French Revolution The French Revolution (1789–1799) was a period of political and social upheaval in the history of France, during which the French governmental structure, previously an absolute monarchy with feudal privileges for the aristocracy and Catholic clergy, underwent radical change to forms based on Enlightenment principles of nationalism, citizenship, and inalienable rights. These changes were accompanied by violent turmoil, including the trial and execution of the king, vast bloodshed and repression during the Reign of Terror, and warfare involving every other major European power. Subsequent events that can be traced to the Revolution include the Napoleonic Wars, two separate restorations of the monarchy, and two additional revolutions as modern France took shape.
Influence of French revolution on Romanticism:
The French revolution that began in 1789 is an important event in our history and it had a great effect on Romanticism influencing romantic writers, inspiring them to address themes of democracy and human rights, which resulted in a complete transformation of society. William Wordsworth and Samuel Taylor Coleridge were the first important English Romantic poets. Whenever in history, human right is suppressed for long time, revolution started. The French king Louis XVI and the aristocrat class spent their life on pomp and lavishness. There was a gulf of difference between the court life and the life of common people.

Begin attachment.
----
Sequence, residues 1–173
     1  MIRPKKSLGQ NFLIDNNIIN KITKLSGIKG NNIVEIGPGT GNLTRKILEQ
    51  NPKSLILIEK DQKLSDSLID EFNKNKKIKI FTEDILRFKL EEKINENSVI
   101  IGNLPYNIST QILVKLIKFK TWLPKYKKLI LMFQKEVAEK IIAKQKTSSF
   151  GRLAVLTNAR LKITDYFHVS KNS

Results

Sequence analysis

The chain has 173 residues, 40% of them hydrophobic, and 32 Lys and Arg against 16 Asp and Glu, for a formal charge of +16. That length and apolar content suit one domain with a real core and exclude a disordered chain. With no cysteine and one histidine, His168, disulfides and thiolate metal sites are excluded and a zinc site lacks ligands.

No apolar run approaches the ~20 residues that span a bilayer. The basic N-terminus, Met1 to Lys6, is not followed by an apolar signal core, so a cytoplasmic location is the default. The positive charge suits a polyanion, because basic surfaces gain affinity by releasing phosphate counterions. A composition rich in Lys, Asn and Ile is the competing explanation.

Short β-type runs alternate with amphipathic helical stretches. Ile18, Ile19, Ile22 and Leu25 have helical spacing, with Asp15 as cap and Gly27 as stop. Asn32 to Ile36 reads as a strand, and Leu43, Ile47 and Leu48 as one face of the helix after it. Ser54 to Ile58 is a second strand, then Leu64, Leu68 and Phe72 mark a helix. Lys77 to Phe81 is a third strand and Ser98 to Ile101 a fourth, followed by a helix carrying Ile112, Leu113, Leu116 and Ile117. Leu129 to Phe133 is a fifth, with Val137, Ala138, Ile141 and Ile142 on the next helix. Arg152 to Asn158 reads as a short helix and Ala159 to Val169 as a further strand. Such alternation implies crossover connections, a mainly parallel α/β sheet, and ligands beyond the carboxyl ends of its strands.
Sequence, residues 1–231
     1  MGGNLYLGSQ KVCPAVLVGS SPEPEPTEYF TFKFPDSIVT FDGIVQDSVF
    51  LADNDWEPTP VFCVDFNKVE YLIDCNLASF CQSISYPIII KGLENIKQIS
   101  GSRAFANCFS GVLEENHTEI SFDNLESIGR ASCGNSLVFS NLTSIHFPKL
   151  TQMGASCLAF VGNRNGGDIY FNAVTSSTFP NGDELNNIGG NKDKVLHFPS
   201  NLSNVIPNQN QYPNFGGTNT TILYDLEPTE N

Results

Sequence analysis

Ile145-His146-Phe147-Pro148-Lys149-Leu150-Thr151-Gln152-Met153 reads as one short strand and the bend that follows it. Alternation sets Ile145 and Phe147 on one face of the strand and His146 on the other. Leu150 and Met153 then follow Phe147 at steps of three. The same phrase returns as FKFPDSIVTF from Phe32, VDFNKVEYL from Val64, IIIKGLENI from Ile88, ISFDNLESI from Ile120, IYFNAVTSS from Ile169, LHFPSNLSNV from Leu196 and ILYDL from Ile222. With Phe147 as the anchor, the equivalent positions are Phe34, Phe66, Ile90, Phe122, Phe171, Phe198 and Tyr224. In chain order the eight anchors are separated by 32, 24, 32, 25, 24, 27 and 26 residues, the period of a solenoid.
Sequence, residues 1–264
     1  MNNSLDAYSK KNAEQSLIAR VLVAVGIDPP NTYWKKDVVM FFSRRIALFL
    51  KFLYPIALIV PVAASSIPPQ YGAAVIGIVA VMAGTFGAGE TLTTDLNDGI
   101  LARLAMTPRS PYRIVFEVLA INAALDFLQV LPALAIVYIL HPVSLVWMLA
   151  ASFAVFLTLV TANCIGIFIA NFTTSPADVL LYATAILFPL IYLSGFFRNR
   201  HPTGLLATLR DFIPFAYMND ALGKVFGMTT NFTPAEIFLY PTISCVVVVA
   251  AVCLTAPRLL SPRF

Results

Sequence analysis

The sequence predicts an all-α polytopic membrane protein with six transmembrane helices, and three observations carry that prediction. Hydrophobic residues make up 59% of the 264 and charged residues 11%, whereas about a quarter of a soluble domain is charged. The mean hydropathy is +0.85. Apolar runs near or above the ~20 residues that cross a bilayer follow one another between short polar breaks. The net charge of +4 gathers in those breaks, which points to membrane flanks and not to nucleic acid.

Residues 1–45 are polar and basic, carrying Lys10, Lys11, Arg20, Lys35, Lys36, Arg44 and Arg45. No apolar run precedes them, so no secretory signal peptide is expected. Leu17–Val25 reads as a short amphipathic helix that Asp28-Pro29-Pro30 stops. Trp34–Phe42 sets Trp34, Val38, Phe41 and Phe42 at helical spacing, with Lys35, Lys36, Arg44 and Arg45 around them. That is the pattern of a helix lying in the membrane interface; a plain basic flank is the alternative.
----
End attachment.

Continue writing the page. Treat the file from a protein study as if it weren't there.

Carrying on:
The common people did not get enough to meet their basic needs whereas the upper-class people led a life of luxury. To equalize this difference the people got together and revolted against the king and beheaded him. The slogan of the French revolution was “Equality, liberty, fraternity”. The spirit of the French revolution spread all over Europe, particularly in England. The theme of revolution, human existence on earth, liberty of human mind – all these aspects influenced the romantic poets like Shelley, Wordsworth very much.
The period before the beginning of French revolution was a period of monarchy. The revolution began as an attempt to create a constitutional monarchy, where the powers of the king would be limited by a parliament. And now as the revolution had begun the absolute monarchy that had ruled France for centuries collapses just in three years which brings a great transition all over France as the old feudal, aristocratic and religious privileges gets evaporated under a sustained assault from liberal political groups and the masses on the streets.